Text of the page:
WASHINGTON, DC – Chief Justice John Roberts is likely to play a modest role when he presides over the Senate impeachment trial of President Donald Trump, in keeping with his frequently repeated insistence that judges are not politicians.
Roberts made the short trip from the Supreme Court to the Capitol on Thursday to be sworn in as the trial's presiding officer, a duty that is mandated by the Constitution.
Wearing an unadorned black judicial robe, Roberts took an oath in which he promised to do “impartial justice" in the third presidential impeachment trial in U.S. history, then asked senators to do the same.
The country's last prolonged look at Roberts came 14 years ago, when he told senators during his Supreme Court confirmation hearing that judges should be like baseball umpires, impartially calling balls and strikes.
“Nobody ever went to a ballgame to see the umpire,” Roberts said.
His hair grayer, the 64-year-old is moving from the camera-free, relative anonymity of the Supreme Court to the glare of television lights in the Senate. He could celebrate his 65th birthday on the Senate dais on Jan. 27.
Roberts has a ready model he can follow: Chief Justice William Rehnquist, who never became the center of attention when he presided over President Bill Clinton's Senate trial.
It's not as though there isn't plenty of controversy brewing in his regular place of work. Before the end of June, the justices are expected to decide cases involving guns, abortion, subpoenas for Trump financial records, workplace protections for LGBT people and the fate of an Obama-era program that shields young immigrants from deportation. They could take up another case on President Barack Obama's health care law before the term ends.
Roberts and his fellow Republican appointees hold a firm 5-4 conservative majority on the Supreme Court. Roberts has a solidly conservative voting record on the court, with a couple of notable exceptions that include sustaining the health care law.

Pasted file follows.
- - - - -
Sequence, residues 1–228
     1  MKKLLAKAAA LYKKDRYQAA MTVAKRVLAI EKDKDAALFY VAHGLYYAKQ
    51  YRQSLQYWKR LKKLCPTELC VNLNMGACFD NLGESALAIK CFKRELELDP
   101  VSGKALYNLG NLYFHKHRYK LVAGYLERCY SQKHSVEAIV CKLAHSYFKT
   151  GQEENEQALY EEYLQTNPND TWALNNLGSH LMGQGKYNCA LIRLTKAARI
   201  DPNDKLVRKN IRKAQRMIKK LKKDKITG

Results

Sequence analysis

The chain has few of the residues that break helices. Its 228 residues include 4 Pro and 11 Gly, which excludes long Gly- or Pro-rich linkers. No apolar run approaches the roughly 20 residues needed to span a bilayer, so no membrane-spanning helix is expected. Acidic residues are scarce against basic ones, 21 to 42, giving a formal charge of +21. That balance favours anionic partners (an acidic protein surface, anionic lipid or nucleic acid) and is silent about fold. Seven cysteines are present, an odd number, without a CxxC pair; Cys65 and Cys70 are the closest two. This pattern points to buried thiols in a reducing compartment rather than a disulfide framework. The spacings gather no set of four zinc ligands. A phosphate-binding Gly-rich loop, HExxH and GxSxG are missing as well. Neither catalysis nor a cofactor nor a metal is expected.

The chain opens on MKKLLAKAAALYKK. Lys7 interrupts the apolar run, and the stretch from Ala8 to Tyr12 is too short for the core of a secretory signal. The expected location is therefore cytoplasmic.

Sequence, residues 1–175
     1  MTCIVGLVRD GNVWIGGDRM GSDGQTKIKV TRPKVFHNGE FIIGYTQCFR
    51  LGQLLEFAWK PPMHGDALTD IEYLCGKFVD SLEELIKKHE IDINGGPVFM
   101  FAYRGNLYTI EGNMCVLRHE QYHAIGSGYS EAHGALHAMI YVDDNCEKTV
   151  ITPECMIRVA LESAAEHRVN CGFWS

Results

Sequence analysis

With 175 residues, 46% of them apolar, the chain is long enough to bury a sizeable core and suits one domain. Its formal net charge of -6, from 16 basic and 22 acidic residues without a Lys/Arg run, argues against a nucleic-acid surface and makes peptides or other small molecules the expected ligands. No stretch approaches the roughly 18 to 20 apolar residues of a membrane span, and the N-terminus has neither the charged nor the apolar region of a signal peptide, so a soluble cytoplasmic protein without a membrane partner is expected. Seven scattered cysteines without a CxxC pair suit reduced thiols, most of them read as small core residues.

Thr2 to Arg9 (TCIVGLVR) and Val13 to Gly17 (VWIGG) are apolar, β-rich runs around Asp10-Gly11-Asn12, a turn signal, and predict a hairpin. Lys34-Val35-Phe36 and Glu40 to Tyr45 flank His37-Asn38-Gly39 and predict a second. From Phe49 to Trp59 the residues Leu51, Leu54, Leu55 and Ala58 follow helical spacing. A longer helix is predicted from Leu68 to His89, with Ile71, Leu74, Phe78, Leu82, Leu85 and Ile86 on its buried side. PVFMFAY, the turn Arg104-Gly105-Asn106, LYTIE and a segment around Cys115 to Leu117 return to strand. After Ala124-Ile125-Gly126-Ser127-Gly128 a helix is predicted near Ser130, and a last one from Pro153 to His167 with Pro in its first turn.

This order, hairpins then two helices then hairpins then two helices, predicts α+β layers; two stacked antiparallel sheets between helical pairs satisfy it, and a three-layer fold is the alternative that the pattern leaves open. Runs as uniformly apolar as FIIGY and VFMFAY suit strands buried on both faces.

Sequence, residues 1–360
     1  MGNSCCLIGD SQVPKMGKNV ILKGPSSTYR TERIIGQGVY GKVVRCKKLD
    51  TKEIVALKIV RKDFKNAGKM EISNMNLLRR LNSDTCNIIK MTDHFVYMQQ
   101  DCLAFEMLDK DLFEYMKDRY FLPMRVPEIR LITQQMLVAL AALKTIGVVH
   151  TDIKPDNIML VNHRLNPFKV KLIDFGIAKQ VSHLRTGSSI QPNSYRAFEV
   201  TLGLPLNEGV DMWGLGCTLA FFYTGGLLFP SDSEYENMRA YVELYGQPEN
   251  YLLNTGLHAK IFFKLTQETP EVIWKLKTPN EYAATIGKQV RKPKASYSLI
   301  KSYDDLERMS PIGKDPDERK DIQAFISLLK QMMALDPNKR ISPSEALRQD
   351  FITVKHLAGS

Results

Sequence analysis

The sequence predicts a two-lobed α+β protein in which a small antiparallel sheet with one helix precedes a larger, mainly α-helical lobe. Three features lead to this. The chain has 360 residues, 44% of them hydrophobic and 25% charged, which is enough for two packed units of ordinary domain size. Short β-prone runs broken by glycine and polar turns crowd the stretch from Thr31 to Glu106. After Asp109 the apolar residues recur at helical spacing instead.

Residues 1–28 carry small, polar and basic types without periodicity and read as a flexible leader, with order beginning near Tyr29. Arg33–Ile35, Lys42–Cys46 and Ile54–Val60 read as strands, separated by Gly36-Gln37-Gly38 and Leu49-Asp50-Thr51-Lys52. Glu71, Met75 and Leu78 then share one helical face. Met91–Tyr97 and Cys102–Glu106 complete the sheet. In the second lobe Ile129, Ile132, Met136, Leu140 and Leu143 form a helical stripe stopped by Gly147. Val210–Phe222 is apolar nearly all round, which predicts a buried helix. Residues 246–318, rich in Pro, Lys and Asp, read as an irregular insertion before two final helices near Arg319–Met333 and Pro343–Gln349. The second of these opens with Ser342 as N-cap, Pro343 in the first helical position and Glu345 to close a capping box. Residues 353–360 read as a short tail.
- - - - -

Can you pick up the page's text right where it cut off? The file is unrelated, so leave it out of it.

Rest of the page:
Trump has been among Roberts' critics, blasting the chief justice for his health care votes. While Roberts ignored those remarks, at least publicly, he clashed with Trump last year when the president, a Republican, lashed out at an “Obama judge" who ruled against his migrant asylum policy. Obama is a Democrat.
The high court has moved to the right with the addition of two Trump appointees, Justices Neil Gorsuch and Brett Kavanaugh, a development that has made Roberts the justice closest to its ideological center and most able to decide how far the court will move to the right, or left, in any case that otherwise divides liberals and conservatives.
Roberts' natural inclination not to seize the spotlight will be reinforced by Senate rules that allow a majority to override any ruling. The Senate's impeachment rules also allow Roberts to put questions to a Senate vote, without first ruling himself, which might allow him to avoid allegations of unfairness from either side.
Roberts has virtually no experience running a trial, as opposed to the appellate proceedings at the Supreme Court.He will have his top court aide, Jeffrey Minear, and one law clerk with him, much as Rehnquist did 21 years ago. Rehnquist also regularly consulted with the Senate parliamentarian before announcing rulings.
Roberts runs a more flexible Supreme Court than Rehnquist, who would cut off lawyers mid-sentence when the red light came on to show their time was up.
Whenever Roberts appears in public, inside the courtroom or elsewhere, he exudes a calm confidence that comes at least in part from preparation. As a leading Supreme Court advocate earlier in his career, Roberts rehearsed so that he would be ready to answer 1,000 questions, even if he might face only 80 to 100 queries during a typical 30-minute argument, he told author Bryan Garner in an interview early in his tenure as chief justice.
But Roberts has acknowledged he can get nervous when he speaks in public. Indeed, the paper he held shook slightly Thursday as he read the oath to the Senate.
Roberts also has a quick wit that he has used to settle confusing situations. When the lights dimmed and then went out during arguments in 2016, Roberts quipped: “Ï knew we should have paid that bill."